On the Beat

Sick of bird flu

This time two years ago, the press was busy working itself into a lather over an unlikely celebrity: H5N1, a strain of avian influenza that epidemiologists feared could mutate into an easily transmittable form that would sweep the world in a deadly pandemic. As millions of bird carcasses piled up and the virus spread across Asia and into Europe, media accounts became increasingly and predictably frantic.

Meanwhile, the human death toll held steady and then, in 2007, actually declined. These days, mentions of avian flu rarely crop up and, when they do, they tend to have a faintly ridiculous, almost nostalgic air about them, like worries about the Y2K bug or the coming Ice Age.

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MEDIA: Scaring Up a Story

We've heard this fish tale before. The New York Times spawned another wave of mercury scare stories this week when it ran an article on Wednesday alerting readers that Manhattan sushi joints might be serving them tuna with dangerously high levels of heavy metals. Nevermind that the link between certain fish and methylmercury has been well established for years , the thought that Nobu's maki rolls could be tainted was enough to cause a boomlet of similar news reports.

While it's generally a good thing that Americans get a better sense of just what's in the food they eat every day, most of these stories missed the mark. Out of all the alarmist coverage paid to which restaurants had the highest mercury levels, hardly any probed into the environmental questions at the bottom of the story. Where is this mercury coming from? How is it getting into our food supply? Are mercury levels increasing?

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MEDIA: Cracks in the Ice

Don't let its bland title fool you: "Escalating Ice Loss Found In Antarctica," an article appearing on the front page of yesterday's Washington Post, is far more dramatic than it sounds. Written by Marc Kaufman, a science writer for the Post, the story describes the accelerating break-up of the ice sheets that make up much of western Antarctica.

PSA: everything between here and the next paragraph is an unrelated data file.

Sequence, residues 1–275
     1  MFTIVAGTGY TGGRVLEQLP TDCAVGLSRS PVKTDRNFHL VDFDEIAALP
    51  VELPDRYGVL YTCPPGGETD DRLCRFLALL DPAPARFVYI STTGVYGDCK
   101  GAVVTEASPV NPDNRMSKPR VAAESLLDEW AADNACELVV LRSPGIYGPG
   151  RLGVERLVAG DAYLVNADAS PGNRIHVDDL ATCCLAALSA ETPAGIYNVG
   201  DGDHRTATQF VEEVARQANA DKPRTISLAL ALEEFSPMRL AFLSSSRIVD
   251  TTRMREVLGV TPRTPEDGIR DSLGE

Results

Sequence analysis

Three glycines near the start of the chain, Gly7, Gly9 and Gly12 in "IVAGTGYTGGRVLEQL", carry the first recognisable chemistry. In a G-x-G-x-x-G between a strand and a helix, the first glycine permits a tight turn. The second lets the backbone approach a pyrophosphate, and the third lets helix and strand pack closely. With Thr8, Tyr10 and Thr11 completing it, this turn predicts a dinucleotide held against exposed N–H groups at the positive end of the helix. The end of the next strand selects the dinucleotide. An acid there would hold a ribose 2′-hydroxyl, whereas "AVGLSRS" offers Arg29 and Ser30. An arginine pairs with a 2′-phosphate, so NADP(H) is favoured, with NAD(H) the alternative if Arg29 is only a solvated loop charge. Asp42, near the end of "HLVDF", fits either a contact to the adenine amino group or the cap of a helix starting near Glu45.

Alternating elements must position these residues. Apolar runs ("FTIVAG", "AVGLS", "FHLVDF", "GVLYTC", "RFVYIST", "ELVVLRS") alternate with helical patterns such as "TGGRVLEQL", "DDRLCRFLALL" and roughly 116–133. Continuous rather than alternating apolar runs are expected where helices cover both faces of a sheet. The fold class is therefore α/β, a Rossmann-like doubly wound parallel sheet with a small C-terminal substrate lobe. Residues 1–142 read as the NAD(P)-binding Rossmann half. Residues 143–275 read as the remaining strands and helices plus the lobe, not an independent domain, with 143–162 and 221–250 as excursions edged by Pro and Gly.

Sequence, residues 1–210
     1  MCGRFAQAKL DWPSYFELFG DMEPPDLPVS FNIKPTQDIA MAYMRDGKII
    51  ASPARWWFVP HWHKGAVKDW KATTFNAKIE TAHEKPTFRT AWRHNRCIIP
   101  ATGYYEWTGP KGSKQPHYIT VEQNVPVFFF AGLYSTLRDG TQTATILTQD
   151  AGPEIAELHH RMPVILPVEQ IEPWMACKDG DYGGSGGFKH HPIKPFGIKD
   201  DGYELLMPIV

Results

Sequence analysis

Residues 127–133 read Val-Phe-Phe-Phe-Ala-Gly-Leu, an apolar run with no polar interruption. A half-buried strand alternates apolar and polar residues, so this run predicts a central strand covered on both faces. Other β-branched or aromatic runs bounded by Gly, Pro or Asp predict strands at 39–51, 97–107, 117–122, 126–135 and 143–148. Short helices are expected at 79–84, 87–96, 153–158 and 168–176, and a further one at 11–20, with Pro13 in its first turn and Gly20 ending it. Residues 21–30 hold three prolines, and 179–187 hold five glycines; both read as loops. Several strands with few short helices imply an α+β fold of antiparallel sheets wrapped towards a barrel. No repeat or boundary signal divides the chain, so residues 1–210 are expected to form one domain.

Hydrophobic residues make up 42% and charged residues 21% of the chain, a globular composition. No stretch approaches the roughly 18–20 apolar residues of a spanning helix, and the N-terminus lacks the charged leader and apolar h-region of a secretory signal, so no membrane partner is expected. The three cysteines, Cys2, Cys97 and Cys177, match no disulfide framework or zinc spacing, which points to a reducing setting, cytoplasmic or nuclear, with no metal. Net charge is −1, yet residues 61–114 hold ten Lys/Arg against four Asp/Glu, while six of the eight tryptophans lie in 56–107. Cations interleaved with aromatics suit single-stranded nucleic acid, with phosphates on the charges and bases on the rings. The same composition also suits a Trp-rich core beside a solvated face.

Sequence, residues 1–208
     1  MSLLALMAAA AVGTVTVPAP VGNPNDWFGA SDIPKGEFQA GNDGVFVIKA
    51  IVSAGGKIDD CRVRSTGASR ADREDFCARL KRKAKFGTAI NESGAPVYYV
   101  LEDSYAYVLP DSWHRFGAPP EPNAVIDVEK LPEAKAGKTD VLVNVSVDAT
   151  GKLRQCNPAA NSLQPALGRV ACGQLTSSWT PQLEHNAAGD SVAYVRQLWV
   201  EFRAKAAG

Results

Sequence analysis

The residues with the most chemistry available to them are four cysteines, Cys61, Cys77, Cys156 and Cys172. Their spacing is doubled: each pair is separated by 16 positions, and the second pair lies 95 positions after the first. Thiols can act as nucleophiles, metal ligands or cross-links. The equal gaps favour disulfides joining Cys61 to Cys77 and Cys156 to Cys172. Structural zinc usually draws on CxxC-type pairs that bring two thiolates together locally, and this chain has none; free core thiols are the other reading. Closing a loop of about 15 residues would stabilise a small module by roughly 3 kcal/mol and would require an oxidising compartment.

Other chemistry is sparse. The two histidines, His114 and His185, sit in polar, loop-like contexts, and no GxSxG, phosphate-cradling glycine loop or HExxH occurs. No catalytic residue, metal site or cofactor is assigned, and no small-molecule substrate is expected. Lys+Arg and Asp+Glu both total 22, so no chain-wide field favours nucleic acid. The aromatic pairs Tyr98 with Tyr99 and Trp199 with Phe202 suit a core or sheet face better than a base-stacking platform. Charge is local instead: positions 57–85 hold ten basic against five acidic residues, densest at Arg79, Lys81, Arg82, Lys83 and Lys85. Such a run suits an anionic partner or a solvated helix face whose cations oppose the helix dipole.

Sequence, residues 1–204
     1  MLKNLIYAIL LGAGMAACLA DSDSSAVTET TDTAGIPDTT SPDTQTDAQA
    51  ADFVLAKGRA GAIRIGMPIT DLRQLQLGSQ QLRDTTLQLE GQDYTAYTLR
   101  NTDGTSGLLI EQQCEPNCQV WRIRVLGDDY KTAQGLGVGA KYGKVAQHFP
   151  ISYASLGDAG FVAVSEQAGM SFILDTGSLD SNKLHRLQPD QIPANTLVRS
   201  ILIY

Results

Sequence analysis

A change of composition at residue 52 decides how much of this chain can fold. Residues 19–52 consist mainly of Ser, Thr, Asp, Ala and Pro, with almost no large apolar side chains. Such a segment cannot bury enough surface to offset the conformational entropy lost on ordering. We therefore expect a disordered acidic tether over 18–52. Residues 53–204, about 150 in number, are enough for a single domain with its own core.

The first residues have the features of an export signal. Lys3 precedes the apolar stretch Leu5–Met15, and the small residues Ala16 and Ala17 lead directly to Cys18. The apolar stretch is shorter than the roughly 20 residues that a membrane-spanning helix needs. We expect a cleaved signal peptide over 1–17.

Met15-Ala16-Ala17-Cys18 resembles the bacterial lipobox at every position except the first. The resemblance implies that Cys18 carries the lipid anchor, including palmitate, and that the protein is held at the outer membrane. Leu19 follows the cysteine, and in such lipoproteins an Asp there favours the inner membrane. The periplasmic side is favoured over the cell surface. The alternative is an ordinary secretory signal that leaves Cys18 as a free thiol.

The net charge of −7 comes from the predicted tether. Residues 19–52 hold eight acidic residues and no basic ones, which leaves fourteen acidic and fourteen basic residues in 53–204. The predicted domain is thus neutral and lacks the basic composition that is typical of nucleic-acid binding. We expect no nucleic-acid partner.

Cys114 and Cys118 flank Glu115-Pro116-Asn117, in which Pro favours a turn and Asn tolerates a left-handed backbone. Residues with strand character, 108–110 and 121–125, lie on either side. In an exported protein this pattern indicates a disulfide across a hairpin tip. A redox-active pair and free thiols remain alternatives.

More than that, though, it's yet another blow to one of the more pernicious canards of the global warming "skepticism" movement: The assertion that because the Antarctic ice sheet is thickening in places, climate change is nothing to worry about.

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MEDIA: Digg Gets Real

The last time I wrote about Digg.com's offering of environmental news, the site was more X than Y. Instead of rewarding the best green stories out there, visitors to the news aggregator's environmental section mostly favored ain't-it-cool type pictures, ranging from the marginally informative to the thoroughly random. "For now, go to Digg to find an oddball story or new wallpaper for your desktop," I wrote last July, "but look to professional journalists for news on the environment."

Well, you should still go to professional journalists for eco-news, but Digg has gotten much better at compiling what those journalists produce, even if its collective news judgment remains uneven. There's still no shortage of random pictures if that's what you're looking for, but the site has changed a lot over the past six months. In addition to a redesign that improved its look and functionality, Digg very smartly decided to partition off its user-submitted news, video, and image postings. (These changes were all made a few months ago, by the way.)

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Getting the Candidates on Record, Part 2

Last night, voters in Iowa cast the first votes in the 2008 presidential contest. But assuming that voters got most of their news from the mainstream media, they voted with almost no knowledge of where the candidates stand on the environment.

Informed primary voters can easily find detailed breakdowns and analysis of the presidential hopefuls' positions on global warming and other environmental issues if they look online. But the press establishment – particularly TV news – has done a significantly worse job pressing candidates on the issue.

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Issue 25

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